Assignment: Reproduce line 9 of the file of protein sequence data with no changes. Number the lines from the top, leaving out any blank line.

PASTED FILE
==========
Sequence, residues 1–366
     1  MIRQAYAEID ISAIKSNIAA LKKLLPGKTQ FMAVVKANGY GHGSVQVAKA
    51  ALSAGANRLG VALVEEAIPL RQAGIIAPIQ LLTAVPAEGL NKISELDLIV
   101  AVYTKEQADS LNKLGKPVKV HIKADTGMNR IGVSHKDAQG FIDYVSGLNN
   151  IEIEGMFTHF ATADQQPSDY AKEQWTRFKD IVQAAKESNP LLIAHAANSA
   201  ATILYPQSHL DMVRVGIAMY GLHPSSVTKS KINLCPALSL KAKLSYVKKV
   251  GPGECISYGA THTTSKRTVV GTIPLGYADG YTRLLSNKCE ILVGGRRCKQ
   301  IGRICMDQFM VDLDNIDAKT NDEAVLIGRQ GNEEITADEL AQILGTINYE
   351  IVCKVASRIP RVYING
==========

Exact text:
   351  IVCKVASRIP RVYING